There has been much talk recently of “European cylinders”, especially since the old double bitted locks have shown their vulnerability, and many people have recommended replacing them with this type of cylinder. But how is a European cylinder made exactly?
The European cylinder, or more properly “European profile cylinder”, takes its name from the characteristic profile of its section. One of the advantages of European profile cylinders is that as they all have a profile with equal dimensions, you can easily replace an old cylinder with a new one, possibly even a better one.
European profile cylinders consist of a body, typically made of brass, often with an external nickel plating finish, in which a plug is fitted, which is the part in which the key is inserted. Turning the key rotates the plug and moves the cam (central lever made of sintered steel, which is usually black in colour) to which it is connected. In turn, the cam moves the internal lock mechanisms which control the latch and/or the bolts.
There are two types of cams: the standard one, the profile of which with the key withdrawn is completely inside the shape of the body, and the anti-withdrawal one, the profile of which with the key withdrawn protrudes laterally, in such a way that it abuts against the body of the lock in case one tries to forcibly remove the cylinder, thus hindering this burglary technique.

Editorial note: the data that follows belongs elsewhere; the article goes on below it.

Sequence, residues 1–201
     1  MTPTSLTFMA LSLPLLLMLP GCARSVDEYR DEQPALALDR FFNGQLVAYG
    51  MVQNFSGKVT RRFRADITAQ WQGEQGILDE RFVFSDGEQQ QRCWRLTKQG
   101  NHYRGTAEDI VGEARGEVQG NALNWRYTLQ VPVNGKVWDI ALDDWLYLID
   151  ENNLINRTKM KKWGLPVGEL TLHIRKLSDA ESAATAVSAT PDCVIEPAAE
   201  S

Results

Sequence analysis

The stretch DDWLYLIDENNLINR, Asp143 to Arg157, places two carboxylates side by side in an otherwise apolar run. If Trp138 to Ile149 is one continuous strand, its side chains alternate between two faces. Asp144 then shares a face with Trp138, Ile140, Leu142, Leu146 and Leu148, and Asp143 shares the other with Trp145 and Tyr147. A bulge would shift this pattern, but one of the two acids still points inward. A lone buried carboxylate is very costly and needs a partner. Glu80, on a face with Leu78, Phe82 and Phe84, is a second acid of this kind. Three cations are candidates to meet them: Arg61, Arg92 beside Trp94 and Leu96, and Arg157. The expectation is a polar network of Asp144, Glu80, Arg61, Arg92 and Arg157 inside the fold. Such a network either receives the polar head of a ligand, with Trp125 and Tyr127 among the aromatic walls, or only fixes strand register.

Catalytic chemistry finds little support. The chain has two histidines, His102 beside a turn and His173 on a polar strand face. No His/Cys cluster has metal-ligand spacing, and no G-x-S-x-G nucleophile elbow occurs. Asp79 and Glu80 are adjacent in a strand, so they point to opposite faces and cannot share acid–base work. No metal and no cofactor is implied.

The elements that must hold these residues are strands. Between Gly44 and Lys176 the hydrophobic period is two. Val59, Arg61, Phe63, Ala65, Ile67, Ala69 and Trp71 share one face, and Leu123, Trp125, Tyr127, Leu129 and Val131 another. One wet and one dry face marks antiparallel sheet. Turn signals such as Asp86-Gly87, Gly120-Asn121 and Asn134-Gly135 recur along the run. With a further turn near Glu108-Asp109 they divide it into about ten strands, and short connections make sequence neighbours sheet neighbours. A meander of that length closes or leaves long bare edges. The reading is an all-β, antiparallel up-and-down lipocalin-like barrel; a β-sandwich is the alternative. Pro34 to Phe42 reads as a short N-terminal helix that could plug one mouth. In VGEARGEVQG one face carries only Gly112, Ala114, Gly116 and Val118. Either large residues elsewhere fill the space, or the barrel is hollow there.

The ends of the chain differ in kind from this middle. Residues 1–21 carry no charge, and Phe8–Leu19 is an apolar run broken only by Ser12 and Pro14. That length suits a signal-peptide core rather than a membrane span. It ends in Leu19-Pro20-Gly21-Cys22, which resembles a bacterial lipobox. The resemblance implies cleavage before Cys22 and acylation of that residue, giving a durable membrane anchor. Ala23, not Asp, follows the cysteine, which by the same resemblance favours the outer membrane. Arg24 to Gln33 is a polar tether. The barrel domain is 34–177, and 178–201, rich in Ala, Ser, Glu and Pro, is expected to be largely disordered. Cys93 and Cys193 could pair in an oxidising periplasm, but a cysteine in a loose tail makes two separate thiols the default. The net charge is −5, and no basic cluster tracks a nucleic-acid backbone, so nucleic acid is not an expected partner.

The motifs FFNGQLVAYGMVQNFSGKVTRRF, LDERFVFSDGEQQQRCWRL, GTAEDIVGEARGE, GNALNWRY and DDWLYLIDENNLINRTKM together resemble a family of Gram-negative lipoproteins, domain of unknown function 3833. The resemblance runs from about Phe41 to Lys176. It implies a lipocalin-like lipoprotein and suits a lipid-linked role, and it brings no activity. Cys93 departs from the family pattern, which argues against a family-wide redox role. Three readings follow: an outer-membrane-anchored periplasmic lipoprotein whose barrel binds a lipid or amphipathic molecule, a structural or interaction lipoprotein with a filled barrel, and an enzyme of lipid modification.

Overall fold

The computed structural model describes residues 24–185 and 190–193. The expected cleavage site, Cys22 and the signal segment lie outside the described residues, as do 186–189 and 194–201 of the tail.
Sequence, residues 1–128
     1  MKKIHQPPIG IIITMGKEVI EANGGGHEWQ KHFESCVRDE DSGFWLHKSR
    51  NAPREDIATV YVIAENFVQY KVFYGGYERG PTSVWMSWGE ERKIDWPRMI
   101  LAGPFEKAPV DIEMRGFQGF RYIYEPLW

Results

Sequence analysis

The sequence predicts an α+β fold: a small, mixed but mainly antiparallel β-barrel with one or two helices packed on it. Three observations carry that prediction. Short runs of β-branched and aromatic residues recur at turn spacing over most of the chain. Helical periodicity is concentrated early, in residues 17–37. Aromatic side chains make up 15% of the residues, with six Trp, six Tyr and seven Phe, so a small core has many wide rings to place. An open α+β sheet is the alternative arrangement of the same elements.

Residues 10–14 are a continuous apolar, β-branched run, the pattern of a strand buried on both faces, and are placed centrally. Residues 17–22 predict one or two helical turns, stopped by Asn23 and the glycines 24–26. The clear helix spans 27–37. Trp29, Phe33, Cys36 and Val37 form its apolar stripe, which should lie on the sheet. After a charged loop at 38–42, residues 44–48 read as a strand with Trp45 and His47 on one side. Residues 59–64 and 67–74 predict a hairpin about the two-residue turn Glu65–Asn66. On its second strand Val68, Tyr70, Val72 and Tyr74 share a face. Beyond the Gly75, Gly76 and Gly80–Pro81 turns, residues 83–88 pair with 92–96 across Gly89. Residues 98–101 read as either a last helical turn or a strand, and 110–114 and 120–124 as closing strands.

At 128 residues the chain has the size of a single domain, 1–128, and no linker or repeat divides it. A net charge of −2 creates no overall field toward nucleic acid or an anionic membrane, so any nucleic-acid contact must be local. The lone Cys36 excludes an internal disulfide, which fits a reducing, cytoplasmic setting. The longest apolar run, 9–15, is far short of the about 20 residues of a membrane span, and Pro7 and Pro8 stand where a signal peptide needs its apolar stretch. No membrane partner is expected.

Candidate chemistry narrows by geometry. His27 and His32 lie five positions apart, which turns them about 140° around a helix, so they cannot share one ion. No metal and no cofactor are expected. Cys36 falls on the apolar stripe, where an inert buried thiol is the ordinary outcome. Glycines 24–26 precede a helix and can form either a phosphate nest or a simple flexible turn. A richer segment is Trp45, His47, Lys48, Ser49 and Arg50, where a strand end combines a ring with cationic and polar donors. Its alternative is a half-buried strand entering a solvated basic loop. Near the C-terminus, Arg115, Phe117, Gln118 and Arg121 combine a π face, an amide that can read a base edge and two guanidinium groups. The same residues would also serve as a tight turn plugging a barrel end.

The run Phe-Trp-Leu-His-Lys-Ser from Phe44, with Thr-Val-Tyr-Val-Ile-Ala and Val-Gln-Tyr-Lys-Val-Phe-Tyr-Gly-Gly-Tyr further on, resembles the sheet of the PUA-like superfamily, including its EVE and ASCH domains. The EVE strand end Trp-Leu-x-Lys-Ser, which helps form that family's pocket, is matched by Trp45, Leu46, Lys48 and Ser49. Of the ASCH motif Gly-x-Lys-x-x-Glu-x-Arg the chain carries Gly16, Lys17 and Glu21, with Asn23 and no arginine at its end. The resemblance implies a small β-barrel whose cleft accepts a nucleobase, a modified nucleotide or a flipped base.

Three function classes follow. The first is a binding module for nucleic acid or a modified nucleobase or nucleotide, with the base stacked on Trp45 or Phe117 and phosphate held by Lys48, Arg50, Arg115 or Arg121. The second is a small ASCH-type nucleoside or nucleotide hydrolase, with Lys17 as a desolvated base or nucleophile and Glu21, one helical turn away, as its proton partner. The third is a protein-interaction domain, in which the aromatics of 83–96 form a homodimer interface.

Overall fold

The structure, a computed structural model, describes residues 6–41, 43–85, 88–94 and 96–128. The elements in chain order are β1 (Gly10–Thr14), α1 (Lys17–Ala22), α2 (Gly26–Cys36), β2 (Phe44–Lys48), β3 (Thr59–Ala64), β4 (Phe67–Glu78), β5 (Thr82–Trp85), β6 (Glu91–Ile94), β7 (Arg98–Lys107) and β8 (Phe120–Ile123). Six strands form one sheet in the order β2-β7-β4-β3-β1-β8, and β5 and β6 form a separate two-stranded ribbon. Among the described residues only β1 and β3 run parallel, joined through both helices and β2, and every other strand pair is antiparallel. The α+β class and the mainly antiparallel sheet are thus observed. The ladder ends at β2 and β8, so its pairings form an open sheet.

The body of European profile cylinders is usually made of two mirrored parts (which may have different lengths), each partly housing a plug, and these join together at the cam. This allows the key to be used from both sides.
In situations where this is not needed (for example in a French door leading to a balcony, which must be opened and locked only from the inside) you can use a half cylinder .
The mechanism inside European profile cylinders is of the pins type. Pins (usually from 4 to 7) are inserted in the body which have a length inversely proportional to the length of the key teeth: they are short for a long tooth key and vice versa. By inserting the correct key, the pins align in such a way as to allow the plug to rotate in the body. If the teeth of the key do not correspond to the heights of the pins they do not align and, remaining halfway between the body and the plug, prevent the rotation.
These are just the basic features of a European profile cylinder, which may then have many other special characteristics: ability to operate a key from one side when a key is already inserted in the other, anti-drilling or anti-pulling reinforcements, pick-resistant pins, anti bumping elements …. we well see in detail how to choose a good quality cylinder in an upcoming blog … stay tuned!